Dynamic DTI (dDTI) shows differing temporal activation patterns in post-exercise skeletal muscles
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To assess post-exercise recovery of human calf muscles using dynamic diffusion tensor imaging (dDTI).
Materials and methods
DTI data (6 directions, b = 0 and 400 s/mm2) were acquired every 35 s from seven healthy men using a 3T MRI, prior to (4 volumes) and immediately following exercise (13 volumes, ~7.5 min). Exercise consisted of 5-min in-bore repetitive dorsiflexion-eversion foot motion with 0.78 kg resistance. Diffusion tensors calculated at each time point produced maps of mean diffusivity (MD), fractional anisotropy (FA), radial diffusivity (RD), and signal at b = 0 s/mm2 (S0). Region-of-interest (ROI) analysis was performed on five calf muscles: tibialis anterior (ATIB), extensor digitorum longus (EDL) peroneus longus (PER), soleus (SOL), and lateral gastrocnemius (LG).
Active muscles (ATIB, EDL, PER) showed significantly elevated initial MD post-exercise, while predicted inactive muscles (SOL, LG) did not (p < 0.0001). The EDL showed a greater initial increase in MD (1.90 × 10−4mm2/s) than ATIB (1.03 × 10−4mm2/s) or PER (8.79 × 10−5 mm2/s) (p = 7.40 × 10−4), and remained significantly elevated across more time points than ATIB or PER. Significant increases were observed in post-exercise EDL S0 relative to other muscles across the majority of time points (p < 0.01 to p < 0.001).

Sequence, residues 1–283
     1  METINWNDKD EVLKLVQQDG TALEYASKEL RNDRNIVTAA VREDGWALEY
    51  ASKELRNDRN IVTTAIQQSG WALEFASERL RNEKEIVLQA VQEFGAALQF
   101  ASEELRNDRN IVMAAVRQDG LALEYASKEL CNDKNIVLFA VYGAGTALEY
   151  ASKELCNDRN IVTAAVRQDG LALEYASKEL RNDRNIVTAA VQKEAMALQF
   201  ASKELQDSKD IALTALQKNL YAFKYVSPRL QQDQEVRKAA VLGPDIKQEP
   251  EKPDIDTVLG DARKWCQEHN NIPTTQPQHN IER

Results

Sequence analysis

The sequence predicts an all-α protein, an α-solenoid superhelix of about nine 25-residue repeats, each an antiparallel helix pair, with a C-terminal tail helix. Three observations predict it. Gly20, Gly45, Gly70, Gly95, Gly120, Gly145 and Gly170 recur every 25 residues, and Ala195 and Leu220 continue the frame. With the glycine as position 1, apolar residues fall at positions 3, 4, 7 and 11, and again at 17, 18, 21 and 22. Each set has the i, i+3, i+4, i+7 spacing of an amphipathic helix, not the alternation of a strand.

dDTI can be used to differentiate exercise-induced changes between muscles. These differences are suggested to be related to differences in fiber composition.
KeywordsDTI Skeletal muscle Exercise Recovery Time course Human
Funding was provided to CR in the form of a Natural Sciences and Engineering Research Council (NSERC) of Canada CGS-D PhD scholarship. The research was funded through an NSERC Discovery grant to MDN.
Compliance with ethical standards
Conflict of interest
No author has any potential conflict of interest with respect to the work described and performed in this current manuscript. Dr. Michael Noseworthy has received a one-time lecture honorarium from GE Healthcare (Canada) for two 50-min lectures delivered in September 2015 to MRI technologists. These lectures were not in any way related to the current work.
Research involving human participants and/or animals
All procedures performed in studies involving human participants were in accordance with the ethical standards of the institutional and/or national research committee and with the 1964 Declaration of Helsinki and its later amendments or comparable ethical standards.
Informed consent was obtained from all individual participants included in the study.
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